Murphy's clean energy plan could hit New Jersey residents in the wallet

David Madden
May 27, 2018 - 10:49 pm

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SOUTH BRUNSWICK, N.J. (KYW Newsradio) -- New Jersey Gov. Phil Murphy went to a Central Jersey solar farm to take action this past week on the clean energy front. But one part of the plan could cost all residents up to $40 a year in electricity surcharges that could go directly to keep a pair of South Jersey nuclear plants open.

PSE&G lobbied heavily for the measure that could give them $300 million a year in subsidies to keep the reactors running at the Hope Creek and Salem plants. That would be subject to regulatory approval, and Murphy noted that this bill doesn't guarantee the utility a dime.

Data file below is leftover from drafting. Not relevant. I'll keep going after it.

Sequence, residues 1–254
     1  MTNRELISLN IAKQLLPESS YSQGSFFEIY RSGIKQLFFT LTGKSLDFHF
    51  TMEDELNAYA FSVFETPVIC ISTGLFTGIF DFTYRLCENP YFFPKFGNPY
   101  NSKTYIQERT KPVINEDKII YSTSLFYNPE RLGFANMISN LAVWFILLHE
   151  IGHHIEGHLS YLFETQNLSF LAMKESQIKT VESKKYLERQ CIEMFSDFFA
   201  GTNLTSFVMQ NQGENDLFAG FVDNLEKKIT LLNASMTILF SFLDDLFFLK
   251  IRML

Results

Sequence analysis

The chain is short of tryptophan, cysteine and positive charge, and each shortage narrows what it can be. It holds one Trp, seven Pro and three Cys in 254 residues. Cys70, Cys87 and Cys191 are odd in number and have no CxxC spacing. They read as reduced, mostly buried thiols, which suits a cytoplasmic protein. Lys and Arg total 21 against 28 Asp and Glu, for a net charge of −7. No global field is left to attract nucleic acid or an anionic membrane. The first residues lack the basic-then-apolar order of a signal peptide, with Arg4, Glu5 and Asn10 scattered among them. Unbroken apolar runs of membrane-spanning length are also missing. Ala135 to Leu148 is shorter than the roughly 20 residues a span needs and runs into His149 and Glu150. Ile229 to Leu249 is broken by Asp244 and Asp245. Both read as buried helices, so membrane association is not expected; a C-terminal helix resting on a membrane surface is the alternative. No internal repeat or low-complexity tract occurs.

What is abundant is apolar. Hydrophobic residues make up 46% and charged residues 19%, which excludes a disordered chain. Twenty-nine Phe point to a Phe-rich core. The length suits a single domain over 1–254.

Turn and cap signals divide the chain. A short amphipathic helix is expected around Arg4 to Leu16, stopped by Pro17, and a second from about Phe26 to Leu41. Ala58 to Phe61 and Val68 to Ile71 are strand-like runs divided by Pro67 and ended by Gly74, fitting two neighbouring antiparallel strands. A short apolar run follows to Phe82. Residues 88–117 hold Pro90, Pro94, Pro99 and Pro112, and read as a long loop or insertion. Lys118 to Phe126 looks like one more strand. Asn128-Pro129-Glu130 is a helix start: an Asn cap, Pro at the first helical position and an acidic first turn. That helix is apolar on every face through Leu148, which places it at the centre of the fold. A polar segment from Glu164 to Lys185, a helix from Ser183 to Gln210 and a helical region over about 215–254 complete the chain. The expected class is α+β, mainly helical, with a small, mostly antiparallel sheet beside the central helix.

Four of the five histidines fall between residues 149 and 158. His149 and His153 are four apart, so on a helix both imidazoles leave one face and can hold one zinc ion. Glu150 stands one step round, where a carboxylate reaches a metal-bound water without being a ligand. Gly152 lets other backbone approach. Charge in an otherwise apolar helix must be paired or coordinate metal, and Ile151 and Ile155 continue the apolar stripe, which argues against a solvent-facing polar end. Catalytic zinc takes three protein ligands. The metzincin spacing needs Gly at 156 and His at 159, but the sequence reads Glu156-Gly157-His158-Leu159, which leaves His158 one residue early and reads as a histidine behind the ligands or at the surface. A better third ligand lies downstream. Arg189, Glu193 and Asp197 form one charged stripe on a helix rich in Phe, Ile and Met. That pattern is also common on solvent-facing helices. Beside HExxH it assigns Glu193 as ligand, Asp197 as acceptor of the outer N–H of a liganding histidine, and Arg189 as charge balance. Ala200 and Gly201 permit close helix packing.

"To reach our clean energy goals, we will need to keep these plants open and safely operational," Murphy said. "They not only produce 40 percent if our power but over 90 percent as of today of our clean energy."

Then there's the economic impact.

The utility has threatened to close those facilities down without some help, since they're losing money given the lower price of natural gas.

"These facilities support 5,800 jobs, not to mention the ancillary impact that those jobs have," Murphy added. "Those are good paying union jobs that support a middle class family." 

There's talk of a possible lawsuit from opponents of the plan.

The Governor also approved a bill that seeks to have half of the state's power to come from renewable sources within twelve years.

An executive order sets up a panel to examine ways to make New Jersey 100 percent clean energy by 2050.